12 step program for sex addicts pornography codependency
12-Step: What You Should Know If You’re A Victim of Emotional Abuse

Here's why 12-step support programs might be detrimental for women who are emotionally abused by a so-called addict.

12-step programs like S-Anon or COSA aim to convince victims of emotional abuse that they are just as sick as their abuser. Here’s why 12-step support programs might be detrimental for women who are emotionally abused by a so-called addict.

Inappropriate Focus on Accountability

12-step programs often emphasize personal accountability and self-blame, a framework that can be harmful to victims of emotional abuse. Victims already struggle with an excessive sense of guilt and responsibility, making it counterproductive to push for further self-blame.

Victim-Blaming Mentality

The structure of 12-step programs can inadvertently enforce a victim-blaming mentality. The program’s steps are designed to promote self-examination, but for a woman experiencing emotional abuse, this can reinforce the abuser’s message that they are somehow at fault.

Lack of Specialized Support

12-step programs are generally led by peers and certainly aren’t led by abuse experts who are trauma-informed. One woman was further abused by her sponsor telling her she was part of the problem when she absolutely wasn’t.

Ineffective Coping Strategies

12-step programs often rely on coping mechanisms designed for addiction, such as avoiding triggers. Victims of emotional abuse need to listen to their gut (triggers) to help them know if they’re safe.

Risks of Re-Traumatization

Participating in a 12-step program can sometimes be re-traumatizing for emotional abuse victims, especially when the entire group is trying to get her to own her “character weaknesses” and admit what part she played in the situation, which amounts to victim blaming.

12-step programs are not well-suited for victims of emotional abuse. Instead, women need support from qualified abuse specialists.

If you need support because you’re experiencing emotional abuse from your husband, we’d love to see you in a session today. Click here to see the Betrayal Trauma Recovery Group Session Schedule.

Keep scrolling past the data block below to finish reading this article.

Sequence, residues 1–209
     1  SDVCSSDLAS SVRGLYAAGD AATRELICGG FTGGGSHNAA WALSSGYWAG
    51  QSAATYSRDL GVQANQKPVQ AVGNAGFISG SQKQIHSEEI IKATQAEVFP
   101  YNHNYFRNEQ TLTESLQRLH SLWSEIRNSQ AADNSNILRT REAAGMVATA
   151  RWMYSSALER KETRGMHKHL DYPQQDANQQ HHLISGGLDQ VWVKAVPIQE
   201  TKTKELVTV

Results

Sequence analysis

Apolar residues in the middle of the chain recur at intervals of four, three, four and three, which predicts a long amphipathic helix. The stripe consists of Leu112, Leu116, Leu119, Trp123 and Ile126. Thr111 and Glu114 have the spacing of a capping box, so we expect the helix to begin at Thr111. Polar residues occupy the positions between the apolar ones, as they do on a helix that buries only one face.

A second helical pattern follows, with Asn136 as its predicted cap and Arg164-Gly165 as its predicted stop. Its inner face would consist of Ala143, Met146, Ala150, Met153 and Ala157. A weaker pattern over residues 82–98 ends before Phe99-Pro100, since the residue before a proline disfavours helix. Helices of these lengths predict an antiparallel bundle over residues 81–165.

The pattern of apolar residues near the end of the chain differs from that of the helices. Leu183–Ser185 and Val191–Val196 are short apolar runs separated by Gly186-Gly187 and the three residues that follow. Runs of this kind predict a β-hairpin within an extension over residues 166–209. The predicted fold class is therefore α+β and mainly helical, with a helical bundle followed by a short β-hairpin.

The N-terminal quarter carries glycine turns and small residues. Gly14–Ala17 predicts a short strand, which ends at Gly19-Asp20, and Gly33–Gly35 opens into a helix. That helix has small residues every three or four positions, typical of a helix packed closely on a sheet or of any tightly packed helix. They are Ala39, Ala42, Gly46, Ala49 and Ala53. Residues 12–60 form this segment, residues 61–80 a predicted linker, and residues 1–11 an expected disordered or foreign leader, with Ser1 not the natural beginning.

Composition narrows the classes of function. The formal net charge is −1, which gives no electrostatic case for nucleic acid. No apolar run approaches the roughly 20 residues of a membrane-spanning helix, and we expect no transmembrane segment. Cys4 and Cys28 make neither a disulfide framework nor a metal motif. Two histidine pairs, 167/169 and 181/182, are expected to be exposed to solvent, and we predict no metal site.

5 Comments

  1. Lisa Parker

    I sent a question to SA Lifeline this week regarding whether they use a co-dependency model or a trauma model. Here is what they (Becky) sent me in reply.

    “I appreciate the questions you posed on your inquiry. You obviously have done your due diligence to understand betrayal trauma, and we have found this type of education to be a critical element of healing. We definitely view recovery for a spouse through a trauma model, rather than a co-dependent model. We do currently use S-Anon literature in our meetings, but are in the process of writing our own manual to eradicate some of the co-dependent language in the readings. This manual should be completed before the year-end.”

    My only thought about this response was to inquire why they are in the process of only eradicating SOME of the co-dependent language. However, this is encouraging to me because I feel their organization is really trying to be helpful in this difficult fight.

    Reply
    • Anne Blythe

      Yes, hopefully they can understand that the trauma is coming from ABUSE . . . that’s the hardest thing for people to understand.

      Reply
      • Lisa Parker

        I agree! People don’t often understand it is really the abuse, in the form of deception, manipulation, blame, gaslighting, neglect, etc., which causes the most harm. It not only injures the partner, but the entire family as well.

        Reply
        • Anne Blythe

          Totally. Pornography is an ABUSE issue. Any woman in a relationship with a porn users is in an abusive relationship.

          Reply
  2. Michelle

    I would love to hear you do a deep dive into the 12-Step founder, Bill W., and his unrepentant decades of infidelity and betrayal of his wife, Lois, and how he would not permit Lois — the founder of Ala-Non—to write. Instead, he wrote his infamous, self-serving “Letter to the Wives,” while impersonating a woman. He had to have handlers protect female newcomers from being approached by Bill W under the age-old 12 Step tradition called “Thirteenth Stepping” — approaching vulnerable newcomers under the guise of “helping” but with self-serving, predatorial intentions. This history is routinely sanitized from Bill W.’s official mythology but historians/writers have lots of interviews and evidence proving this. Exhibit A: Bill W. gave 10% of his estate royalties to one of his long term mistresses. Recovering sex addict and alcoholic, Susan Cheever (daughter of writer, John Cheever) wrote the latest biography touching on Bill W’s sex addiction. Yet the 12 Step Program continues to have us read Letter to The Wives nearly 90 years later and still embraces the codependency model (yet another misogynistic, victim-blaming pop psychology notion that, 40 years and 250 books later, is still not supported by clinical studies nor recognized by the DSM-5).

    When my husband entered SA in 2000, the wives were given a recommended book on sexual anorexia. I felt the book pointed the finger at betrayed partners for “causing” their spouses’ behavior, not considering that some of us never stopped having sexual relations with our spouses and others, correctly intuiting something affected their safety, withdrew from sex relations for good reason.

    Thanks for your good work!

    Reply

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